It’s only a joke!
I am in the UK this week, and the papers today are rife with the story of Jonathan Ross and Russell Brand’s antics on national radio, making obscene prank calls to a 78 year old actor.
Apparently the BBC received 2 complaints on the day, but thanks to the wonder of podcasting they have now received 10,000 complaints, including from the British Prime Minister. Admittedly some of this is the typical British reaction to Ross’s Salary ($10 million a year), but it’s also quite clear that the calls were not seen as funny by a lot of people.
Despite the fact that Ross and Brand are entertainers and not business presenters there are, I think, some lessons to be learned about comedy in presentations:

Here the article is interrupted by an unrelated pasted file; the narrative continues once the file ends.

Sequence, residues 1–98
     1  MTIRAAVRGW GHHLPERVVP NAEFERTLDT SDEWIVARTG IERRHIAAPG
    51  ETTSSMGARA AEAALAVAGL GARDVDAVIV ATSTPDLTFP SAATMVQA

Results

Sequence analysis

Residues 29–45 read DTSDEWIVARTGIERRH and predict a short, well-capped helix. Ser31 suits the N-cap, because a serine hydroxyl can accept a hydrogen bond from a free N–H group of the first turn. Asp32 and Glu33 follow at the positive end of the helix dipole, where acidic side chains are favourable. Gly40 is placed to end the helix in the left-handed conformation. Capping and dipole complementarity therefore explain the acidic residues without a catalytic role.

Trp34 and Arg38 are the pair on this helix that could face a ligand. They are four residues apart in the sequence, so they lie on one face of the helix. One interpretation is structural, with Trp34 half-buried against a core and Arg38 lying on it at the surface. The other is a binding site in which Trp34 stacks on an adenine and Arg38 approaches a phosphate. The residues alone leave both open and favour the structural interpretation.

- Jokes can backfire
- What I find funny you may not
- There is always a butt to every joke
- Podcasting compounds our errors, think before you speak and think carefully before you cast!
Presenters use humour to “break the ice” and warm up the audience. I tend to do this myself, particularly when delivering training courses, but you need to judge humour carefully, and be very sensitive to the audience. As Ross and Brand would probably agree, humour is a double edged sword.